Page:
Rare stamp from murderer's estate seen setting record
* Stamp to be most valuable object by weight, size ever sold
* Is from collection of du Pont heir convicted of murder
* Philatelic expert calls expected sale "a milestone"
By Michael Roddy
LONDON, March 24 (Reuters) - A rare One-Cent Magenta postage stamp printed in British Guiana in 1856 and most recently owned by the estate of a du Pont chemical company heir convicted of murder is expected to fetch a record price of $10-$20 million, Sotheby's said on Monday.
The stamp is being sold by the estate of the late John du Pont, who died aged 72 in a Pennsylvania prison in 2010 where he was serving a sentence for the 1996 shooting of Olympic champion U.S. wrestler David Schultz.
Du Pont, whose wealth was estimated at $250 million at the time of his 1997 trial, was one of the richest murder defendants in U.S. history at the time of his conviction.
Sotheby's said experts from the Royal Philatelic Society London had re-authenticated the British Guiana One-Cent Magenta, the only one of its kind known to exist, and the auctioneer would offer the stamp at auction in New York on June 17.
"It is one inch by one and a quarter inches, it's tiny and when it sells it will be the most valuable object by weight and size ever sold," David Redden, Sotheby's vice chairman and director of special projects, told Reuters.
"Our estimate on this stamp is $10 million to $20 million. That seems like an awful lot, but in the great scheme of things, across the entire collecting world, the most extraordinary objects in every field, that price suddenly becomes a little modest."
Chris Harman, chairman of the Philatelic Society's expert committee, said the stamp printed in what is now called the Republic of Guyana was without peer.
"It's one of the first stamps in the world, 1856, British Guiana was one of the first countries in the world to issue their stamps, and this was a locally printed stamp, of which there are very few Four-Cent, and there's only one One-Cent, so it has gained this iconic status," he said.
It has not been on public view since 1986, when it was exhibited at a stamp show in Chicago. The last time it was certified as authentic by the Royal Philatelic Society was in 1935, since when several attempts at forging it have been made.
The current auction record for a single stamp is 2,875,000 Swiss francs (approximately $2.2 million), set by the Treskilling Yellow in 1996.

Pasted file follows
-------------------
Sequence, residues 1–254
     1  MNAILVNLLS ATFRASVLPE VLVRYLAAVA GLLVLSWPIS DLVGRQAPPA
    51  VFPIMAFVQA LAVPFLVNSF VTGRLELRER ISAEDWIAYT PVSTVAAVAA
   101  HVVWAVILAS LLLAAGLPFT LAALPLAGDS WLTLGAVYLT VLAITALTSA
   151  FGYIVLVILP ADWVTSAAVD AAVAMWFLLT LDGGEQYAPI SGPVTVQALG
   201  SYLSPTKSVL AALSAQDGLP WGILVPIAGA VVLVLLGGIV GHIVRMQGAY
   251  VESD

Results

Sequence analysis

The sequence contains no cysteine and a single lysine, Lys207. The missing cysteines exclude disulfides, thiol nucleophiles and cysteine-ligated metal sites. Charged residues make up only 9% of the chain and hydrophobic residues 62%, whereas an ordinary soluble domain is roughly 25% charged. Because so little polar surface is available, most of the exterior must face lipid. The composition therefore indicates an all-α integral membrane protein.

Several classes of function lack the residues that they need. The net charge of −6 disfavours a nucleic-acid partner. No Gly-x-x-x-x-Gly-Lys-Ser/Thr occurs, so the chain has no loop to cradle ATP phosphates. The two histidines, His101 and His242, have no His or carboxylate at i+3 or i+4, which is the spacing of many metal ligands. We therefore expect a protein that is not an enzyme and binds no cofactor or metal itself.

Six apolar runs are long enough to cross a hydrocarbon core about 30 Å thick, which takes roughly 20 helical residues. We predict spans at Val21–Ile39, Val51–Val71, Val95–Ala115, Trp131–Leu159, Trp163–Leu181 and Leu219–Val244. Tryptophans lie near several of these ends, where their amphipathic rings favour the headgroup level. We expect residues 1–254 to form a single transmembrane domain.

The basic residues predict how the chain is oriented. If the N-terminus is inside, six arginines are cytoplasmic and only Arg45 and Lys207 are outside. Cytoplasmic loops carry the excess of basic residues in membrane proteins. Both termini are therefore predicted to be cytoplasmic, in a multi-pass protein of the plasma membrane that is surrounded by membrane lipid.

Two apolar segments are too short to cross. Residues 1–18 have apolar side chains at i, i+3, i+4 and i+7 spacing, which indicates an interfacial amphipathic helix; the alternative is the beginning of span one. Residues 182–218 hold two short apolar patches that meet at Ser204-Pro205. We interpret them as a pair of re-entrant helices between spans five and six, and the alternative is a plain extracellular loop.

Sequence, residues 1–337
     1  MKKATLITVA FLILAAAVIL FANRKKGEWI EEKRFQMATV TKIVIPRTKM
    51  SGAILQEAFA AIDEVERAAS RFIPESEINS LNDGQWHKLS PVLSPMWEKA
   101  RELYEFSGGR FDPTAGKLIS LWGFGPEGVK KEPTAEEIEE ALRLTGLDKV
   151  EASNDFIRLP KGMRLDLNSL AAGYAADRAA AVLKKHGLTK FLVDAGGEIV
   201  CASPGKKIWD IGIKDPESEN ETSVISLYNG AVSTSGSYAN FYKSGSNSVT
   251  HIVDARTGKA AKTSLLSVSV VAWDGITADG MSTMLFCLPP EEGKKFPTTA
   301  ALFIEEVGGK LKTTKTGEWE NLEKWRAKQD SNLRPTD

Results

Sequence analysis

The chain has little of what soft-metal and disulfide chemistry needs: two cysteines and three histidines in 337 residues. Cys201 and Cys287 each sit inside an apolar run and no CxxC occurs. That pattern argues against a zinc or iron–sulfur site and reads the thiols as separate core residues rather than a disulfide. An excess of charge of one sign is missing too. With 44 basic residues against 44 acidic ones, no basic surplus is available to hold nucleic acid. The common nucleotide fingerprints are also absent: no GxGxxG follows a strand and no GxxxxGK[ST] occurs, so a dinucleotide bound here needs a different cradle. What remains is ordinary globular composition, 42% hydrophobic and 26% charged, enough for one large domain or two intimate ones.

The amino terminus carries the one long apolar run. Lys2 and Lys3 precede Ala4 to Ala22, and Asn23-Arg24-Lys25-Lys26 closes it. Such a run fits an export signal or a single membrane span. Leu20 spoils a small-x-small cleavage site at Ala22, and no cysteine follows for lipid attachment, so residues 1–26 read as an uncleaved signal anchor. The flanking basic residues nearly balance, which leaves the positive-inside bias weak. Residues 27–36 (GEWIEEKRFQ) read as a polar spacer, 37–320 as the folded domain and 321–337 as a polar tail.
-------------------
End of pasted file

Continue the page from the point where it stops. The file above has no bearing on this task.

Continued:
Du Pont, who purchased the One Cent in 1980, was a great-great-grandson of E.I. du Pont, who in 1802 founded the chemical firm that bears his name and created one of America's largest family fortunes.
Du Pont was found guilty but mentally ill in connection with Schultz's death. During the trial, his attorney said du Pont suffered from delusions.
The One-Cent Magenta was printed in British Guiana in 1856 after a shipment of stamps from England was delayed, which threatened a disruption of postal service throughout the colony.
The postmaster turned to the printers of the local Royal Gazette newspaper, and commissioned a contingency supply: the One-Cent Magenta, a Four-Cent Magenta, and a Four-Cent Blue.
The sole-surviving example of the One-Cent was first rediscovered not far from where it was initially purchased.
In 1873, L. Vernon Vaughan, a 12-year-old Scottish schoolboy living with his family in British Guiana, found the stamp among a group of family papers bearing many British Guiana issues.
A budding stamp collector, Vaughan added it to his album and later sold the stamp to another collector in British Guiana.
The One-Cent entered Britain in 1878, and shortly after, it was purchased by Count Philippe la Renotiere von Ferrary, one of the greatest stamp collectors in history.
France seized his collection, which had been donated to the Postmuseum in Berlin, as part of the war reparations due from Germany, and sold the stamp in 1922.
It changed hands several times after that before du Pont, an avid philatelist, paid $935,000 for the stamp in a 1980 auction, marking its most recent record-setting price.
"I don't think any of us will probably see it again in our lives, and so that is a milestone," Harman said. (Additional reporting by Joel Flynn; Editing by Alison Williams)